Eleven educators and their rabbi, Joram Rookmaaker, from the largest Jewish community in the Netherlands, the Liberaal Joodse Gemeente Amsterdam, invest in the vitality and future of the Dutch Jewish community through an intensive professional development week at Hebrew College in Newton Centre, Massachusetts. With the current Jewish population of the Netherlands totaling less than 35,000, professional development opportunities like this carry substantial import for the long-term future of the community.
After researching the best international programs to inform their education practices, they looked to Hebrew College’s MaTaRoT program as a pedagogical model and decided to bring their educators to Boston to learn first-hand. “[We wanted to know] where in the world we could find a way to improve our education. That’s how we found Hebrew College,” said Rabbi Rookmaaker.
“Hebrew College’s MaTaRoT Center for Professional Learning & Leadership is delighted and honored to be hosting colleagues from the progressive Amsterdam Jewish community (Liberaal Joodse Gemeente Amsterdam) for this week, including both veteran educators and teen madrichim,” said Hebrew College vice president Dr. Susie Tanchel.
During the Shoah, deported Dutch Jews had to maintain payments for property—payments that until recently, remained in the possession of the city of Amsterdam. Recent political changes, however, have redirected these payments by deported (and killed) Jews into an investment in the Amsterdam Jewish community. Focusing on the future of their own Jewish community, Liberaal Joodse Gemeente Amsterdam used some of the grant funds to send many of their younger educators to Boston to learn pedagogy, techniques and observe project-based learning (PBL) in action in Boston area religious schools and afterschool programs. “These are the future leaders. It’s an even more powerful experience for them,” said Rabbi Rookmaaker.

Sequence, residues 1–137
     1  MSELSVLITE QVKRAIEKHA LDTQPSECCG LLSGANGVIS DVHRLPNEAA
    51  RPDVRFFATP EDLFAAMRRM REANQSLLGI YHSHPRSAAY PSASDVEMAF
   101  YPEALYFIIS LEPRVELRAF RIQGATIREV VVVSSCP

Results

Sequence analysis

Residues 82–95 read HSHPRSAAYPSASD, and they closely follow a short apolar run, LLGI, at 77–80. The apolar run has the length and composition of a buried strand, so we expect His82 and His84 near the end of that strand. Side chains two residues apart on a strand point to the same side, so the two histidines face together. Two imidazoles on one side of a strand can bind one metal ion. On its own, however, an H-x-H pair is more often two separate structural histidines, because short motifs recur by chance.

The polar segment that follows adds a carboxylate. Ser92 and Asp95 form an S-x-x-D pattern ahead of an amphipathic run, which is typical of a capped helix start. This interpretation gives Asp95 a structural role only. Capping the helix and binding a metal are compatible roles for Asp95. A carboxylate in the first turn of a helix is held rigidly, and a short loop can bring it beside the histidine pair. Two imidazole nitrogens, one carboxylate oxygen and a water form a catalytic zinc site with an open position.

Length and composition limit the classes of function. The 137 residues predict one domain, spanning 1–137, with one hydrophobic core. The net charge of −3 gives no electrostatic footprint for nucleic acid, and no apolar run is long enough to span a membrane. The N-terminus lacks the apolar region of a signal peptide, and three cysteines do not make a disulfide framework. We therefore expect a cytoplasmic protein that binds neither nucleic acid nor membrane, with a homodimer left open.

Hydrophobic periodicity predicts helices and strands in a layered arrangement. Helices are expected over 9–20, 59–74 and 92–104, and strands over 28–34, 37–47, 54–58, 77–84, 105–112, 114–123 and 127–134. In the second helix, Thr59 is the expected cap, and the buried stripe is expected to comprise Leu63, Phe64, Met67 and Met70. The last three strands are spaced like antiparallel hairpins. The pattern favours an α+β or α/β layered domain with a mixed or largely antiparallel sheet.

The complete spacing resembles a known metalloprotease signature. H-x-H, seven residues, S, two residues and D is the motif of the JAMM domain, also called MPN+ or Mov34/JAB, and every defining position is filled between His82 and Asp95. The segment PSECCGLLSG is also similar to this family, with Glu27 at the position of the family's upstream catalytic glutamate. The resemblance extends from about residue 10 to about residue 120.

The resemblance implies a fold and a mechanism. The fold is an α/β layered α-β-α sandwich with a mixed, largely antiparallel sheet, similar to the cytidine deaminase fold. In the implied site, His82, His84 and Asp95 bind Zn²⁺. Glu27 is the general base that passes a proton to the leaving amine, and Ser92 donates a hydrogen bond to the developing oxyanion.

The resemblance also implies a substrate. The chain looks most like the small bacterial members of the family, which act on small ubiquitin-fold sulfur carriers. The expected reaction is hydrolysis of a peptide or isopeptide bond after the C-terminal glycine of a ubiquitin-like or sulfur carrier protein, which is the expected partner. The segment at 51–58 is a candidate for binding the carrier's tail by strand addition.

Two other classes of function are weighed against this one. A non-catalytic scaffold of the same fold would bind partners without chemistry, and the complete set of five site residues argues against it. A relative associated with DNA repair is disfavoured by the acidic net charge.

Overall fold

One of those educators, Benjamin Bernfeld, who teaches children around age seven, said, “We’ve learned we’ve actually incorporated a little bit of PBL already, but now we are learning what actually we are doing and how to implement more of it.”
He added: “It’s tough to teach younger kids who sometimes don’t remember as well as we do. [PBL and innovative storytelling] that triggers all the senses rather than just one can help this problem. We can’t wait to implement these in our own programs.”
Jacco Friedeberg, a seventh-grade teacher, said: “Our trip’s been great. [Here at Hebrew College], today was the first day we got to know PBL. I’m starting to go through the mindset shift from traditional projects to PBL.”
In addition to Hebrew College, the group from Liberaal Joodse Gemeente Amsterdam is visiting several local shuls to discern different possible implementations of project-based learning and to learn from the differences between our communities. “One thing we are looking at is how does Jewish life look when there are ten times more Jews in the Boston area than in the Netherlands altogether? For example, we went to tefillah outside the other day. We can’t do tefillah in public spaces since we are under the constant protection of military police as a safety measure,” said Rabbi Rookmaaker.
The group arrived in Boston this past Saturday, and celebrated Simchat Torah at Temple Israel of Boston, where Hebrew College 2015 graduate Rabbi Suzie Schwartz is the associate rabbi and director of congregational learning.
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